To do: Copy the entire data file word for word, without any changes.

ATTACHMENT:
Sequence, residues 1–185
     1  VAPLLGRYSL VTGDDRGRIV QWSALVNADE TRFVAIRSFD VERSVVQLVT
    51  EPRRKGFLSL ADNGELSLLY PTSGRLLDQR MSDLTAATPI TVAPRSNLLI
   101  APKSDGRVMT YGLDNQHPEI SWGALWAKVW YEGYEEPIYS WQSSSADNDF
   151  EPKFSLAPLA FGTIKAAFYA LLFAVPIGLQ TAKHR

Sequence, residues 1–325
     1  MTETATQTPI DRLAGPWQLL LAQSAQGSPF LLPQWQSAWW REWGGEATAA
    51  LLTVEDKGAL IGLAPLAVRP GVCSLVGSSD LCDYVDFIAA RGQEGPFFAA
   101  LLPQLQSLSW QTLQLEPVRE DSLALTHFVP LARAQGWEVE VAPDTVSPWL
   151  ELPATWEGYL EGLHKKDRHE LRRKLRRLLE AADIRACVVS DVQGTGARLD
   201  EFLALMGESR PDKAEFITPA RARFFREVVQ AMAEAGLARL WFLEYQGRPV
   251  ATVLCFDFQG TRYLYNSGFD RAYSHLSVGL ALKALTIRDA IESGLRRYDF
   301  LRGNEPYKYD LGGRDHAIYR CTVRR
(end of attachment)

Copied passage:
Sequence, residues 1–185
     1  VAPLLGRYSL VTGDDRGRIV QWSALVNADE TRFVAIRSFD VERSVVQLVT
    51  EPRRKGFLSL ADNGELSLLY PTSGRLLDQR MSDLTAATPI TVAPRSNLLI
   101  APKSDGRVMT YGLDNQHPEI SWGALWAKVW YEGYEEPIYS WQSSSADNDF
   151  EPKFSLAPLA FGTIKAAFYA LLFAVPIGLQ TAKHR

Sequence, residues 1–325
     1  MTETATQTPI DRLAGPWQLL LAQSAQGSPF LLPQWQSAWW REWGGEATAA
    51  LLTVEDKGAL IGLAPLAVRP GVCSLVGSSD LCDYVDFIAA RGQEGPFFAA
   101  LLPQLQSLSW QTLQLEPVRE DSLALTHFVP LARAQGWEVE VAPDTVSPWL
   151  ELPATWEGYL EGLHKKDRHE LRRKLRRLLE AADIRACVVS DVQGTGARLD
   201  EFLALMGESR PDKAEFITPA RARFFREVVQ AMAEAGLARL WFLEYQGRPV
   251  ATVLCFDFQG TRYLYNSGFD RAYSHLSVGL ALKALTIRDA IESGLRRYDF
   301  LRGNEPYKYD LGGRDHAIYR CTVRR